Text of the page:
Attorney Matthew R. Arnold answering the question: “When do you get alimony?”
Things appear to be heating up in the Rupert and Wendi Murdoch divorce case. Mr. Murdoch surprised his wife of 14 years with divorce papers only a month ago and already Mrs. Murdoch appears to be changing her tactics in the split.
Murdoch initially hired a New York attorney, Pamela Sloan, to represent her in the divorce. Ms. Sloan had worked with Mrs. Murdoch several times in the past; including the first time Mrs. Murdoch signed a prenuptial agreement and again when a second and third postnuptial document was created after the births of their children. Friends close to Mrs. Murdoch say they believe Sloan was too close to Rupert and that Wendi wanted a fresh set of eyes on the case.
Mrs. Murdoch has now hired William Zabel, a well-known lawyer to the stars in Manhattan who represented Jack Welch’s wife in her divorce and handles the estate planning affairs of billionaire George Soros. Experts believe choosing Zabel is a clear sign on Mrs. Murdoch’s part that she does not intend to slip away quietly and will instead fight to receive as large of a piece of Mr. Murdoch’s wealth as possible.
Though it’s true that Mrs. Murdoch signed several agreements with Rupert (one prenuptial agreement and two postnuptial agreements), experts say there are several areas that remain up for negotiation that Wendi intends to take full advantage of. One clear example of such an unsettled issue involves the children, two girls, 11 and 9 years old. In many cases, issues involving child custody arrangements and child support are left out of prenuptial agreements because courts do not view them as binding. As a result, issues involving children are often used in such high profile cases by the less-moneyed spouse as a tool for extracting money that they may have already signed away in previous agreements.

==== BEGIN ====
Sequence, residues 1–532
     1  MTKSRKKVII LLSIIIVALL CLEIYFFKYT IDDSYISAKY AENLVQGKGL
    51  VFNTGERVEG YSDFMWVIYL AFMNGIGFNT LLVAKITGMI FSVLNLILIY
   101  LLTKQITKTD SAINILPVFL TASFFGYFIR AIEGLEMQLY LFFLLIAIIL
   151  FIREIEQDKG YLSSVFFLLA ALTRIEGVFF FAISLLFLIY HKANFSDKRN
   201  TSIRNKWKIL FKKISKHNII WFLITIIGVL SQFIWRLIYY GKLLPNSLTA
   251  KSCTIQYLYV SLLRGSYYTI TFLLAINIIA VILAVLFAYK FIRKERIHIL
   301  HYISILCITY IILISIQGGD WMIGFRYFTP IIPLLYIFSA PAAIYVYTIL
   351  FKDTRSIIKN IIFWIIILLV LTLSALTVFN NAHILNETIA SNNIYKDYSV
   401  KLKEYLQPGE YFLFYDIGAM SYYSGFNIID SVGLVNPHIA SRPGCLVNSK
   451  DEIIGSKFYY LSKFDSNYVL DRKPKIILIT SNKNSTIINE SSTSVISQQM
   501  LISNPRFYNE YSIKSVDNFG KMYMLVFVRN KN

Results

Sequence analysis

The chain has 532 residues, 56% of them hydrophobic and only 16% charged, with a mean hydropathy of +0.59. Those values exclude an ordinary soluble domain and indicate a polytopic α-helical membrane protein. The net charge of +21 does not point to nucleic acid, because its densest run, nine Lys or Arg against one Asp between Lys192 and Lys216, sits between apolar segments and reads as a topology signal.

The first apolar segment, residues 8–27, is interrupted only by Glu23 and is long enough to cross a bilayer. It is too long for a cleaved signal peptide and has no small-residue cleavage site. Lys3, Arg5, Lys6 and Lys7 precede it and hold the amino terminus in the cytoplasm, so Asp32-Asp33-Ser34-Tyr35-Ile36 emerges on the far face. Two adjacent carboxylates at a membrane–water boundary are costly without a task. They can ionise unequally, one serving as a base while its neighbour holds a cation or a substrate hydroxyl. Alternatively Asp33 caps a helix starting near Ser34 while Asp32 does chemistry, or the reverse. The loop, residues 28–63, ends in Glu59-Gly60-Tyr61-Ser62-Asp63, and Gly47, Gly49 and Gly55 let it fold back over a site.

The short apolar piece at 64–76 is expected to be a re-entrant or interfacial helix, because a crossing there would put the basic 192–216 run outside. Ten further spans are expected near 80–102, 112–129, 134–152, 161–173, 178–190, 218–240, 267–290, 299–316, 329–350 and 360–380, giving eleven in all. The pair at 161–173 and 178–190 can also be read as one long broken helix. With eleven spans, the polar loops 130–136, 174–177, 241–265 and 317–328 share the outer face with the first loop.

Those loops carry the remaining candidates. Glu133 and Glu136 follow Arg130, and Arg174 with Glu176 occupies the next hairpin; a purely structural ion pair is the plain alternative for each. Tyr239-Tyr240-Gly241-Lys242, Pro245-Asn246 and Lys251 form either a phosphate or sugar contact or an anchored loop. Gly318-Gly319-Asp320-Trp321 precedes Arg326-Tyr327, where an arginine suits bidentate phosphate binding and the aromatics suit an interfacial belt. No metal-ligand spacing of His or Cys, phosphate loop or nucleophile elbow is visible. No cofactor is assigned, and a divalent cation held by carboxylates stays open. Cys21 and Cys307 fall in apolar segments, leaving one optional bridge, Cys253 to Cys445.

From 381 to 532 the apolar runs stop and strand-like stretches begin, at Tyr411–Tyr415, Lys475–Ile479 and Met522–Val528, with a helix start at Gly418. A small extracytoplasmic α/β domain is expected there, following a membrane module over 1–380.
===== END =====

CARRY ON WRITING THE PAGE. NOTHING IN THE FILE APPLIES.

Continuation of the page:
Other issues that experts point to include how certain valuable assets will be divided given that they were recently acquired and likely not mentioned in previous agreements. This includes a new, multimillion-dollar yacht and a Fifth Avenue penthouse. Another subject that might be litigated involves the Murdoch family trust, the entity which controls the family’s shares in News Corp. Issues surrounding what share of the trust Mrs. Murdoch’s two children would have could prompt a big fight given that Rupert has four other adult children from two prior marriages. Given Zabel’s experience in estate planning, many expect him to go through the trust documents with a fine-toothed comb looking for any issues that might negatively impact his client.
The news of the new attorney likely comes as unwelcome news to Mr. Murdoch who has had more than his fair share of divorce drama. In 1998, Rupert divorced his second wife Anna, a split that cost him more than $110 million in cash and is estimated to have totaled more than $1.2 billion when stocks and property were factored in.
If you find yourself facing a complicated family matter then you need the help of experienced family law attorneys in Charlotte, North Carolina who can help guide you through the often confusing process of divorce.
About the Author:
Matthew Arnold is a Managing Member with Arnold & Smith, PLLC where he focuses his practice on most aspects of Family law: divorce, child custody, child support, alimony, and equitable distribution. Mr. Arnold is an experienced trial attorney who has tried jury and bench trials in both North Carolina District Court and North Carolina Superior Court.
Mr. Arnold grew up in Charlotte, graduating from Providence Senior High School and continued his education at Belmont Abbey College on a basketball scholarship. After graduating cum laude he attended law school at the University of North Carolina at Chapel Hill on a full academic scholarship. In his spare time, Mr. Arnold enjoys golfing and spending time on the North Carolina Coast with his wife and three young children: two daughters and one son.
“Wendi Murdoch Hires a New Lawyer, Suggesting a Divorce May Turn Messy,” by Peter Lattman, published at NYTimes.com.
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